Rich Whitney sent out a strongly-worded (and somewhat frantic?) fundraising plea to supporters earlier this week. Below is an excerpt from the message:
Circumstances force me to be blunt: My campaign is REALLY hurting for money right now. Just when we need to be peaking, so that we can get some radio and cable TV ads and buy yard and window signs, and numerous other essentials, we are instead scraping the bottom of the barrel…
…Thus far, supporters have not followed through on such basic fundraising efforts as expected. I can’t do it all, and you can’t wait for the “campaign” to do it all. The campaign is US, collectively. I need people to step up to the plate and take some initiative.
To keep the carbon footprint down, I can arrange to “appear” at your house party or other gathering by Skype or phone, but I will also come out to your area if we can plan it to coincide with my campaign appearances. But either way, we need people to get these things OFF THE GROUND, ASAP.
The key is to keep this in perspective. As a candidate who hit 10% in the last gubernatorial election, expectations are quite high for the Whitney campaign. In a later interview Whitney points out that he will still likely buy advertising later; instead, it would be the duration and scale of the ad buys that would be in question.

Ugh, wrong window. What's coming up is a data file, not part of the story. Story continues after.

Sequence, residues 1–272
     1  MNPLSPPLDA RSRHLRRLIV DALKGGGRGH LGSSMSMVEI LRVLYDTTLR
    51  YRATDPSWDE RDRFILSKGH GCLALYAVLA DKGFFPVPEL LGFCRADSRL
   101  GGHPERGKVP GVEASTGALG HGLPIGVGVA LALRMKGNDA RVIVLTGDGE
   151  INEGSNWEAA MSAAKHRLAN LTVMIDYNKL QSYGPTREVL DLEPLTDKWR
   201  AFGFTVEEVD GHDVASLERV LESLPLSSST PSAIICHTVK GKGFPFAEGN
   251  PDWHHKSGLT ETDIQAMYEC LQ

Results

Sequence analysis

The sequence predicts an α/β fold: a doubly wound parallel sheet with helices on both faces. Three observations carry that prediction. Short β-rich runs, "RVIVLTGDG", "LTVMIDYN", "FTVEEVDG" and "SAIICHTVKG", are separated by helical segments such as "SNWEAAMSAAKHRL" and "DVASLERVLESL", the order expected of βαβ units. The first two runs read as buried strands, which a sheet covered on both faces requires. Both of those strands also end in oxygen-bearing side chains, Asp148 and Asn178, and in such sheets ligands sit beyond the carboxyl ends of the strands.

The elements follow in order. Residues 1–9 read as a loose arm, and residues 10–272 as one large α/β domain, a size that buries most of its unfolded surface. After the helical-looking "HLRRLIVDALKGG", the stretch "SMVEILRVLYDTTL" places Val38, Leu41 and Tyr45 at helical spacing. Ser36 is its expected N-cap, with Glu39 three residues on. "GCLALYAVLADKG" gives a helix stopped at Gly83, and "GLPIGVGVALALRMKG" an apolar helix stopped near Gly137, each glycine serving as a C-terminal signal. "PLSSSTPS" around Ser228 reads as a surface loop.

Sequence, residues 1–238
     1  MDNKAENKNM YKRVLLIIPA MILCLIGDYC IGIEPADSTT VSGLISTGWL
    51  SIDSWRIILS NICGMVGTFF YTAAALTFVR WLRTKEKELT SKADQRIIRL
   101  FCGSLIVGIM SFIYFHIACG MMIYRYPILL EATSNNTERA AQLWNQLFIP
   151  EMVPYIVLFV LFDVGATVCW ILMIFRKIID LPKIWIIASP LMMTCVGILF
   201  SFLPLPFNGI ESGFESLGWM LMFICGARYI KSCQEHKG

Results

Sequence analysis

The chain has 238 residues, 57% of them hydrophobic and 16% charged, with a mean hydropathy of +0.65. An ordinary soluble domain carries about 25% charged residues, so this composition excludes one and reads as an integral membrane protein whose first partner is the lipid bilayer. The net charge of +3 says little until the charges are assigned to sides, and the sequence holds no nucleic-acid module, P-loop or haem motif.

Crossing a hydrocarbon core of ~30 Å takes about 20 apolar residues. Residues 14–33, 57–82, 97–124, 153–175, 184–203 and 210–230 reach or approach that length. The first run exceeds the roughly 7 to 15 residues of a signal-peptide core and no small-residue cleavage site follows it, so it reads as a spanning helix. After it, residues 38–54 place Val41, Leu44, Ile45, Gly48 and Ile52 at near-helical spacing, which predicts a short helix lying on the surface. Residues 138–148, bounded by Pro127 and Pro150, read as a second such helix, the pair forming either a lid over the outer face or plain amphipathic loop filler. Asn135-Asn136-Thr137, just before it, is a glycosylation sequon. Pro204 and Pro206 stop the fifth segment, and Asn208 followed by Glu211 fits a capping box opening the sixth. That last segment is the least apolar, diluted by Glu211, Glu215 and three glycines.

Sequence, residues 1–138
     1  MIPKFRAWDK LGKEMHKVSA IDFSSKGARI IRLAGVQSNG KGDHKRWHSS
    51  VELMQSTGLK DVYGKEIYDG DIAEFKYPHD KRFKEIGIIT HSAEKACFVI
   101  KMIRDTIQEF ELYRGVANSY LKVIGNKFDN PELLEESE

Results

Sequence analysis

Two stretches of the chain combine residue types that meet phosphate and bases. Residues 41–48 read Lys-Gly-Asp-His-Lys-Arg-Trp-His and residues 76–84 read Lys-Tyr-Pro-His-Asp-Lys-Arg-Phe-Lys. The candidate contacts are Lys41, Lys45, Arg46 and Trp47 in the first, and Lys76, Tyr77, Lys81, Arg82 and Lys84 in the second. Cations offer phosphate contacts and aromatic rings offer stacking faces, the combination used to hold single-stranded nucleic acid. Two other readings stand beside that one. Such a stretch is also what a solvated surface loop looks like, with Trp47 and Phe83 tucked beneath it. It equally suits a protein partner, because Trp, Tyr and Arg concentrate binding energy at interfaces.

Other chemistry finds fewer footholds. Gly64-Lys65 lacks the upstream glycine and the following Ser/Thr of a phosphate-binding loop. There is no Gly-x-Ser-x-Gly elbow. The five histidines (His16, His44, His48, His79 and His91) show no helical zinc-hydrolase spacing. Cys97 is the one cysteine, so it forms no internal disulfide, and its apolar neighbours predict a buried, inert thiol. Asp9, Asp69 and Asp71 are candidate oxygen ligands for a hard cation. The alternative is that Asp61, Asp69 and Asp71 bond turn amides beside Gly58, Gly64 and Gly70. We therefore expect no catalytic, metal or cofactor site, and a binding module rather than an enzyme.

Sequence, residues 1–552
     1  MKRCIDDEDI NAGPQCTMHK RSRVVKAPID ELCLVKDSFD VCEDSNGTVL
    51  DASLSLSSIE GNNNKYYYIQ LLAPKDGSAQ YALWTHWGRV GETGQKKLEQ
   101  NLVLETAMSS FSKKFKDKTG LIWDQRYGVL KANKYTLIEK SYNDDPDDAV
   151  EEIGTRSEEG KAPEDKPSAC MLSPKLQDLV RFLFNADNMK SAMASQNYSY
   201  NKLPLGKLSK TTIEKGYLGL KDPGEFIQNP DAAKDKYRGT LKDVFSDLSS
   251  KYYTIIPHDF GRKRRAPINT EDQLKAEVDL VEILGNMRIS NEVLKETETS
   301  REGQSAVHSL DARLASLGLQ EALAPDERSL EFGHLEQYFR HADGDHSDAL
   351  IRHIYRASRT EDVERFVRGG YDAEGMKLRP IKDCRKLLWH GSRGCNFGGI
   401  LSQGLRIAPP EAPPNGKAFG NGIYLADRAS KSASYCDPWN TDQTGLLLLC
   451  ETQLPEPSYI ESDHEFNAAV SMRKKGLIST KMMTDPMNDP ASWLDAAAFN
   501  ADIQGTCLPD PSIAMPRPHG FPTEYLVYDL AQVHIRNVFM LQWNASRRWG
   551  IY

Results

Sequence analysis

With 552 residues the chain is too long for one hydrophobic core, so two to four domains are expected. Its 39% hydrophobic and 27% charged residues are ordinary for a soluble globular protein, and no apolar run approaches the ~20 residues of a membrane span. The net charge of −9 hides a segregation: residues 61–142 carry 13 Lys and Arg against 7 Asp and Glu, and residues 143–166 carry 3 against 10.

The situation for the Whitney campaign is not looking good. The fundraising letter particularly mentions the threat of Independent candidate Scott Lee Cohen. We reported two days ago that Cohen has begun a massive radio advertising buy in Chicago, and appears to be targeting African American support. Whitney likely understands that much of his support in 2006 is attributed to “protest voting”- that much of the electorate disliked the two major party candidates so much they purposefully “spoiled’ their vote. However, this year both Libertarian Lex Green and Cohen managed to secure places on the ballot, eroding potential independent and conservative protest voter support. (Polls seem to back this up- when alone on the ballot, PPP had Whitney at 11%, but when a Chicago Tribune poll mentioned all three of the minor party/indy candidates mentioned, Whitney plunged to 2%). For those Green Partiers who hoped for a stunning upset on the heels of the 2006 race, it appears that victory is out of the question.
Of course, in 2006 Whitney’s campaign beat the expectations of pollsters. Nevertheless, the candidate has a lot of work to do if he wants to surpass his showing four years ago.